Close enough in taste to the familiar pumpkin pie, but just visually different enough, this pie is sure to be a hit at any Thanksgiving meal.

Just be sure not to overbrown your marshmallows like I did…

Although, we all know that near burnt marshmallows are the best anyway, right?

Toasted Marshmallow Sweet Potato Pie

Adapted from the Food Network 

1 disk dough Cream Cheese Crust 
All-purpose flour, for dusting
1 15-ounce can sweet potato puree
1 cup evaporated milk
2/3 cup sugar
2 large eggs
1 teaspoon ground cinnamon
1/2 teaspoon pumpkin pie spice

1 cup mini marshmallows

Roll out the dough into a 12-inch round on a lightly floured surface. Ease into a 9-inch pie plate; fold the overhang under itself and crimp. Chill 30 minutes. Preheat the oven to 350 degrees F.

Prick the bottom of the crust with a fork. Line with foil, fill with pie weights, and bake until the edges are golden, about 20 minutes. Remove the weights and foil and bake 10 more minutes. Cool on a rack.

Whisk the sweet potato, evaporated milk, sugar, eggs and spices in a bowl; pour into the crust. Bake until the center is just barely set, about 1 hour. (Cover the edges with foil if they brown too quickly.) Cool on a rack.

Top with 1 cup mini marshmallows (or large marshmallows cut in half if you happen to go to four grocery stores and they are all out of mini marshmallows!) and broil or torch until golden brown.

What’s on your Thanksgiving menu this year?

 

A Month of Pie

November. A month of many things. Beards, turkeys, and tasty fall brews. Pilgrims, sweaters, and a maybe a pie or two.

No other dessert says autumn quite like a pie. The plums, pears, apples, cranberries and gourds now filling grocery store bins are calling my name. The harvest is finished and it’s time to get cookin’.

I had my fun with a few pumpkin pie recipes last November, but they were all pretty basic. To be honest, I am a little intimidated by pies. A pie done right can look quite beautiful. Pretty foods just seem to taste better. Though that isn’t always the case, I am naturally drawn to attractive foods. The best apple pie I’ve ever tasted was my aunt’s recipe. With its perfectly crafted dough leaves and sparkling crystals of sugar, it was a work of art. I was inspired. I too wanted to make a pie that beautiful. A pie so beautiful that I wouldn’t want to take a bite, but would be oh so glad once I did. So, I’ve decided to step out of my comfort zone, and enter the world of pie.

I’ve chosen four pie recipes to try my hand at this month. Four may not seem like a lot, but a true homemade pie can take hours. We will see what happens. I could get really enthusiastic about it at some point and have a pie marathon one day…

I can’t promise you that they’ll be pretty, but I do have a feeling that they will taste mighty fine. I can’t promise that though either… Stick with me to find out! I’ll be posting once a week about my pie endeavors. Whether it be a total flop or a glorious success, I’ll let you know.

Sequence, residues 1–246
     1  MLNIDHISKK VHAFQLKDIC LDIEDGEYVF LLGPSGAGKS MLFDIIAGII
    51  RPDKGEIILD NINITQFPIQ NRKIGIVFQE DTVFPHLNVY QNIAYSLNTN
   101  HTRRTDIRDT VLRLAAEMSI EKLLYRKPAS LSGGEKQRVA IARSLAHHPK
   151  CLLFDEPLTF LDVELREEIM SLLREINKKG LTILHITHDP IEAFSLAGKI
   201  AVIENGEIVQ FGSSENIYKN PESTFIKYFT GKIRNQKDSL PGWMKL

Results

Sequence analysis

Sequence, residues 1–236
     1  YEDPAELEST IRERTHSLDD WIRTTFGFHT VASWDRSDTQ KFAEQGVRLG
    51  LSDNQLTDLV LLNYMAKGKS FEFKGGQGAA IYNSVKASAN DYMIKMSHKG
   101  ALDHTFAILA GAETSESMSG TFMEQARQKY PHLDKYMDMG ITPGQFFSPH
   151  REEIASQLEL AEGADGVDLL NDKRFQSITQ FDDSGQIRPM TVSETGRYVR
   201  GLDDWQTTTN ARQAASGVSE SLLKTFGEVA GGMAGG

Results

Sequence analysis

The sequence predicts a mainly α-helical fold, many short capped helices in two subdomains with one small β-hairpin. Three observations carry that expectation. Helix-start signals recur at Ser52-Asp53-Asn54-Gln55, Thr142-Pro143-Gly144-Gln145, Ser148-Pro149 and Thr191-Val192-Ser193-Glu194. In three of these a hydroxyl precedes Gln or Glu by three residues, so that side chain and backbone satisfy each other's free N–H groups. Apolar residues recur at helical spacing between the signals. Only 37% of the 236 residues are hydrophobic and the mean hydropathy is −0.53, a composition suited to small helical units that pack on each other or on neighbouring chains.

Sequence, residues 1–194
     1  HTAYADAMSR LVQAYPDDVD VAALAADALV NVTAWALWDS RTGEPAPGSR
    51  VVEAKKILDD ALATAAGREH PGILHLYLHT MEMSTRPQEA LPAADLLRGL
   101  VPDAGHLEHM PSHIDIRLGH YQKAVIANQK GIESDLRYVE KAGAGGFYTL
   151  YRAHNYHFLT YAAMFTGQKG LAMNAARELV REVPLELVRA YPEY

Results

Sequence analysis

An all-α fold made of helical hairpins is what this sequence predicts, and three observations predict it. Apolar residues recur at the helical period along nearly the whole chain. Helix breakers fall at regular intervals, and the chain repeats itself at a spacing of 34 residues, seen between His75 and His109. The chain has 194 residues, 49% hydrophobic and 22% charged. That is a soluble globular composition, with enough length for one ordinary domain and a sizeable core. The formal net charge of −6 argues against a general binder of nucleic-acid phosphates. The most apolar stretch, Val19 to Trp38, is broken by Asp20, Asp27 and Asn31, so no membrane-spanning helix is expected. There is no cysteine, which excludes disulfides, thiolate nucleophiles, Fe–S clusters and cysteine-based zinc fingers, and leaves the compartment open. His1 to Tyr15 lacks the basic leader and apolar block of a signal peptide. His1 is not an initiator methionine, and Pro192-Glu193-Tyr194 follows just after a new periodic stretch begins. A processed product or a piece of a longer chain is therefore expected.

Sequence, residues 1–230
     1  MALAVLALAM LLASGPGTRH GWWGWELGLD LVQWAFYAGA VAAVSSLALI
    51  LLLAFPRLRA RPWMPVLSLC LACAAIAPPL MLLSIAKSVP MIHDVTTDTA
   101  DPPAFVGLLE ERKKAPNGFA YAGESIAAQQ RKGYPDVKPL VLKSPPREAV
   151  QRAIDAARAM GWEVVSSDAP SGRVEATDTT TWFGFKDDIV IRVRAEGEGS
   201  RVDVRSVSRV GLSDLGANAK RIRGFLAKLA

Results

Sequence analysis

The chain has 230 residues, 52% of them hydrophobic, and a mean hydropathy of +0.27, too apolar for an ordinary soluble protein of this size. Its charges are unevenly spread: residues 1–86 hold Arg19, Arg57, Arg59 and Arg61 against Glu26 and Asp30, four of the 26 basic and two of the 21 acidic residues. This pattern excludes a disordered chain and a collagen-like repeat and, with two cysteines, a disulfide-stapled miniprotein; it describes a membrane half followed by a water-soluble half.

I’ve decided to stick with some seasonal classics, with a slight twist.  Here’s what you can look forward to:

Caramel Apple-Cherry Pie

Bourbon Pumpkin Cheesecake (Pie)

Sweet Potato-Marshmallow Pie

Maple-Walnut Pie

45 Days Too Late

Was October 14th really my last blog post? Boy have I been slacking…

Where do I begin? So much has happened over the past month and a half. Like…

…We went to Long Island to see my grandma who was in town visiting my great aunts. This is the house that she grew up in. It has some amazing history, but that history deserves a whole blog post to itself. Maybe at a later date…

…My parents came to town!

….And we went to Cape Cod…

…Where we watched the sun set…

…and rise.

…We watched the Head of the Charles Regatta (the second largest regatta in the world)…

…And ate some lobster…

…Then BK came to town, and we ate more lobster…and that was it. Ha, not really. We walked the freedom trail, spent Halloween in Salem, watched a comedy show, walked around the Harvard campus, and much more…

Then we experienced a snow storm in October! What’s up with that?

…Then came Novemeber and we got our first Christmas tree (we went with this little guy due to lack of storage space)…

…Then came Thanksgiving, which we spent in NY with Jacob’s wonderful family.

…Then we celebrated 6 months of marriage in NYC.

Now back to full sentences! I think that sums up the past 45 days in a nutshell. We’ve loved our time spent with family, friends, exploring the East, and transforming our apartment into our home. Yes- I am still working on that last part. I even made an hour and a half trip to NH so that I could go to a Hobby Lobby. I came home with about 8 bags, and am slowly working on some fun crafty projects (I have already completed 4!)

It seems just like last month that we moved here, but here we are in December! Jacob is already finishing up his first semester of graduate school (go Jacob! :), and i’m counting down the days until we get to visit home (just 23 more to go!) We’ve loved our time here, but it hasn’t always been a walk in the park. We miss our family and friends terribly, and miss the ease of Fayetteville. We’ve really had to learn to adapt to life in the city. It’s a hassle to get anything done around here. I swear it takes all day to run one errand.

As mentioned above, Jacob and I recently reached a big (okay, not huge.. but kind of big) milestone in our marriage; we’ve officially been married half of a year! It’s gone by so quickly, but I have loved every (okay, almost every 😉 moment of it. People say the first year of marriage is the hardest, but if our next six months are anything like our first, then I have no idea what “those people” are talking about! I’ve loved adapting to my role as a wife. Strangely enough, I enjoy managing our budget, making grocery lists, and have even found myself picking up At Home magazine over US Weekly at the grocery store check out line. Every day presents its own challenges, but God is faithful, and always provides. For that, we are so thankful.

Until next time…